“Safety and quality need to be owned by the industry and firms have the primary responsibility to reliably produce quality products,” he said at the time.

But history shows bad actors produce subpar drugs.

Thakur, the former pharmaceutical executive knows first hand. He worked for the largest generic drug maker in India when he discovered the company was lying to the FDA and violating manufacturing regulations resulting in substandard drugs.

The company made several types of generic medications including antibiotics and anti-virals. Thakur became a whistleblower and the company, Ranbaxy Laboratories pleaded guilty in 2013 in the U.S. federal court and paid a $500 million fine. Ranbaxy was sold in 2014.

Thakur, now working to improve pharmaceuticals in the U.S. and India, said the bad behavior continues.

“A lot of these facilities that are located overseas they try and beat the system,” he said. “There has been systematic documentation now from the FDA itself of people trying to fool the inspectors. People trying to take advantage of this honor-based system where they try to cut corners and supply substandard drugs.”

The FDA dealt with a massive recall in 2018 and 2019 of blood pressure medication made overseas tainted with cancer-causing ingredients. The cause was faulty manufacturing, according to the FDA.

During Campbell’s tenure with the FDA, he watched as the pharmaceutical industry moved overseas.

“I always say that the bottom line is the bottom line,” he said.

The FDA followed the industry. In 2006, the agency was doing around 100 foreign inspections. By the time Campbell left in 2012, the FDA was doing more than 700.

The agency conducted more than 1000 inspections last year.

“Could it be better? Absolutely. It’s all about resources. Once it became a global mission, it’s a big world out there. It’s harder to do than people might think,” Campbell said. He now works with foreign manufacturers as a consultant, teaching them good manufacturing practices and how to comply with FDA regulations.

The FDA also has struggled with inspector vacancies. The agency had 190 inspectors in the U.S. who did foreign inspections and an additional 58 vacancies as of November. The agency was in the process of filling 26 openings at the time but noted that training the inspectors could take up to three years, according to GAO’s latest report.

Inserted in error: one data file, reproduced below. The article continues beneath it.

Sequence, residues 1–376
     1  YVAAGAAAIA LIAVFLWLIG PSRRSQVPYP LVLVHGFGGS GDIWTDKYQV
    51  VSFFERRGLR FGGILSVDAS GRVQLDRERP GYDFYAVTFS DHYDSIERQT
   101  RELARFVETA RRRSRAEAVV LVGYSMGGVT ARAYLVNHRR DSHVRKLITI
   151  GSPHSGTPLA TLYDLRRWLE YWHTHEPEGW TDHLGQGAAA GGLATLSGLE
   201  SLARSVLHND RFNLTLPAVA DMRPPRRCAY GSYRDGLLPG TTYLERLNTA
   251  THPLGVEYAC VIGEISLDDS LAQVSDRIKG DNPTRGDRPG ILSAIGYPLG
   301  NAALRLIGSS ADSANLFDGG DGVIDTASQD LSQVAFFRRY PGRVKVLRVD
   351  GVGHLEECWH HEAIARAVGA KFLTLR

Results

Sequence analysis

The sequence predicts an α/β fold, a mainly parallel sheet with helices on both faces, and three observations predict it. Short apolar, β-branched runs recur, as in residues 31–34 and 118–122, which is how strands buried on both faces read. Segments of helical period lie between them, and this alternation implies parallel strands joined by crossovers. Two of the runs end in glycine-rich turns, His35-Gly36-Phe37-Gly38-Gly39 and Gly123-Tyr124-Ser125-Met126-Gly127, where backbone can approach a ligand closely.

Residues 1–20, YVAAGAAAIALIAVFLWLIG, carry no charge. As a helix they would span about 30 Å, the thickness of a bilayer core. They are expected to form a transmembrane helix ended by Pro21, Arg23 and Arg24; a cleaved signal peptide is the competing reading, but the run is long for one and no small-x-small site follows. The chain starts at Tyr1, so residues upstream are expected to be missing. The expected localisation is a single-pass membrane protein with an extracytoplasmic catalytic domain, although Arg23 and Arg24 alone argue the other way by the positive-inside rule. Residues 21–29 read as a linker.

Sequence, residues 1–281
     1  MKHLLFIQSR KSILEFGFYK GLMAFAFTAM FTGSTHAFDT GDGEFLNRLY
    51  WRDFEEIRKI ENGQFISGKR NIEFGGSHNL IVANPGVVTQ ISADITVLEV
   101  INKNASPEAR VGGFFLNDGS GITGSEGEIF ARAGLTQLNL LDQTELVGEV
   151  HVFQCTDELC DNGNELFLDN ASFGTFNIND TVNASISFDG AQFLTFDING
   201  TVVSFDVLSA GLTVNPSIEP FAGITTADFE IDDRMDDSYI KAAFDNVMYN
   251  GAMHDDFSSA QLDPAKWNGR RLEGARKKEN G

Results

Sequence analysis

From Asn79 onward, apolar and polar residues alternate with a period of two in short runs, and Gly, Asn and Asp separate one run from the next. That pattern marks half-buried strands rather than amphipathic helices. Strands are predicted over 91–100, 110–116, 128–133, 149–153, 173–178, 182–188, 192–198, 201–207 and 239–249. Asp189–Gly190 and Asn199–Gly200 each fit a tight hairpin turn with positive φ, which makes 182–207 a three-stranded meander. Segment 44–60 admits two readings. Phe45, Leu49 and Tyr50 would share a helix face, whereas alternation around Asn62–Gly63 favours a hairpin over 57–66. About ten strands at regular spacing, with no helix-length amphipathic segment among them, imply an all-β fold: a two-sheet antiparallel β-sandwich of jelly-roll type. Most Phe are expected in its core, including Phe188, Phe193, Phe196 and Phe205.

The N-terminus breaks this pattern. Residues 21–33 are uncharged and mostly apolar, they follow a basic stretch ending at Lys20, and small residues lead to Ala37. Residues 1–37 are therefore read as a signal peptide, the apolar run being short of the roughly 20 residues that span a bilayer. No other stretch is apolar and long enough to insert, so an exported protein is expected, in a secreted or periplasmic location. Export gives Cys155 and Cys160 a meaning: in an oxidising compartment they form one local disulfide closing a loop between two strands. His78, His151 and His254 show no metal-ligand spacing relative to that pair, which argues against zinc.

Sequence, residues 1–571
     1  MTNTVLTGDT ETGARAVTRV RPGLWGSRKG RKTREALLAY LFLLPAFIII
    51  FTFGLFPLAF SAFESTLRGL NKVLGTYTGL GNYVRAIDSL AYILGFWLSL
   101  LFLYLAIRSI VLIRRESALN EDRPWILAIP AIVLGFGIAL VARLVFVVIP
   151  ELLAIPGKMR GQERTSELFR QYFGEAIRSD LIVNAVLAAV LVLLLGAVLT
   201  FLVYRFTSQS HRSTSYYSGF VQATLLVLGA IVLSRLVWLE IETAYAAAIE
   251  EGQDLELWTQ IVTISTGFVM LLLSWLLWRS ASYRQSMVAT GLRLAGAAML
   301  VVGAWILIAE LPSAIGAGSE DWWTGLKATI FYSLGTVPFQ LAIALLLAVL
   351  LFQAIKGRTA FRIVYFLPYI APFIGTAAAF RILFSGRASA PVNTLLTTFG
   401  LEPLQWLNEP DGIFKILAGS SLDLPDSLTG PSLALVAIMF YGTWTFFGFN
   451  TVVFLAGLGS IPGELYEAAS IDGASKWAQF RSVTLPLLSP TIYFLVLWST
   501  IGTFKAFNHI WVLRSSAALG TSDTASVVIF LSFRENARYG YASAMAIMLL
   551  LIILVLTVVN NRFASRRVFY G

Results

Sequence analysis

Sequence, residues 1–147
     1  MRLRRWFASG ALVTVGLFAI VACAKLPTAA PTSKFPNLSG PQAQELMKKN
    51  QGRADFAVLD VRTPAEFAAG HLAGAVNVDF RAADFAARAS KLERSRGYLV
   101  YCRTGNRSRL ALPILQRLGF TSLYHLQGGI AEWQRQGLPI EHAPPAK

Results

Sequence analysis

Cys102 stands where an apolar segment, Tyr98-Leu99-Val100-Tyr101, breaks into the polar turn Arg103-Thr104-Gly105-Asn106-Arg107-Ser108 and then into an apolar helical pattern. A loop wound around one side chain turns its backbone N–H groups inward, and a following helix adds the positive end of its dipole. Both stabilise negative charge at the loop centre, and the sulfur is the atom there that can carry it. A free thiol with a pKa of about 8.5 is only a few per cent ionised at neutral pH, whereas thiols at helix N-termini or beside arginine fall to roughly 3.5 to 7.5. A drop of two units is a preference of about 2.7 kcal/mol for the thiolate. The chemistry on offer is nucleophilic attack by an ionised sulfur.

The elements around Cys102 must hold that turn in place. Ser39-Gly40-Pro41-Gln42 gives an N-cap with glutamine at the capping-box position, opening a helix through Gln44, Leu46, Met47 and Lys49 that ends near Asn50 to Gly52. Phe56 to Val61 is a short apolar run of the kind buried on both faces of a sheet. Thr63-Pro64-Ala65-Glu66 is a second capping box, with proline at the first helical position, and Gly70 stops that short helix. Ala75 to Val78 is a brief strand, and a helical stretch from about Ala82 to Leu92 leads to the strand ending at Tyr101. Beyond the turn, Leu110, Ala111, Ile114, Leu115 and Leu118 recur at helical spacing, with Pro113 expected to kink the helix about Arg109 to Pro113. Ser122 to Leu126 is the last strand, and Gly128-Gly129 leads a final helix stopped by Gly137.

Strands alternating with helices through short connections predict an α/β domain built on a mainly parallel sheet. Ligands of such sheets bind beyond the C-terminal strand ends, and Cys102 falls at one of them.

Where are your drugs made?

It’s difficult for U.S. consumers to find out where their prescriptions come from. The federal government doesn’t require it.

But you can check the label on your shirt or see “Made in China” stamped on a child’s toy.

“Even dog food is labeled where it’s made,” said Thakur.

Other countries, including India, Thailand and Bangladesh require the manufacturing location to be listed.

There’s no website where American consumers can check the source of their prescription drugs. They can call the companies directly, if they can get through. Some customer service lines require an international call.

InvestigateTV called drug makers of more than 150 popular prescriptions in April. Some didn’t answer. Others put us on hold for 30 minutes without picking up. In some cases, the customer service representative was unable to say was a drug was made.

But even if consumers are able to find out where their medications are manufactured, it’s almost impossible to know the source of the raw materials.

For example, some drugs made in the U.S. get the ingredients from other countries. One reason India halted exports of 26 drugs and ingredients at the beginning of March was because of that country’s reliance on China for active pharmaceutical ingredients. India rescinded those restrictions a month later.

'Not a sustainable policy'

Members of Congress, from both sides of the aisle, have called for a change to the country’s dependence on foreign drugs.

Senate Minority Leader Chuck Schumer asked the GAO to investigate the United States’ ability to manufacturer drugs and active ingredients currently made in China.

Rep. Jeff Fortenberry from Nebraska, a Republican on the House Appropriations Committee, believes pharmaceuticals need to be manufactured like military equipment: “Made in America.”

“CEOs of these big pharma companies need to be on notice. This is not a sustainable policy and it’s going to be addressed aggressively by Congress,” he said.

Thakur recommends U.S. consumers talk to their doctors and educate themselves about the medications they are taking. They should ask where the drugs are made and if the physician has heard of any issues with their effectiveness.

“Unless we as patients start to engage our providers and start asking these questions, we just don’t get more information about it,” he said.

Campbell has cancelled all overseas consulting trips for the rest of the year.

Ultimately, he said, consumers need to know that the FDA inspects only a small sample of foreign-made drugs.

“So the rest of the time we are crossing our fingers.”

Additional research conducted by: Peter Buffo, John Canicosa, Cody Downey, Laura Jayne, Anum Siddiqui, and Erin Snodgrass from Loyola University New Orleans.

InvestigateTV News Content Specialist Emma Ruby contributed to this report.

Copyright 2020 Gray Media Group, Inc. All rights reserved.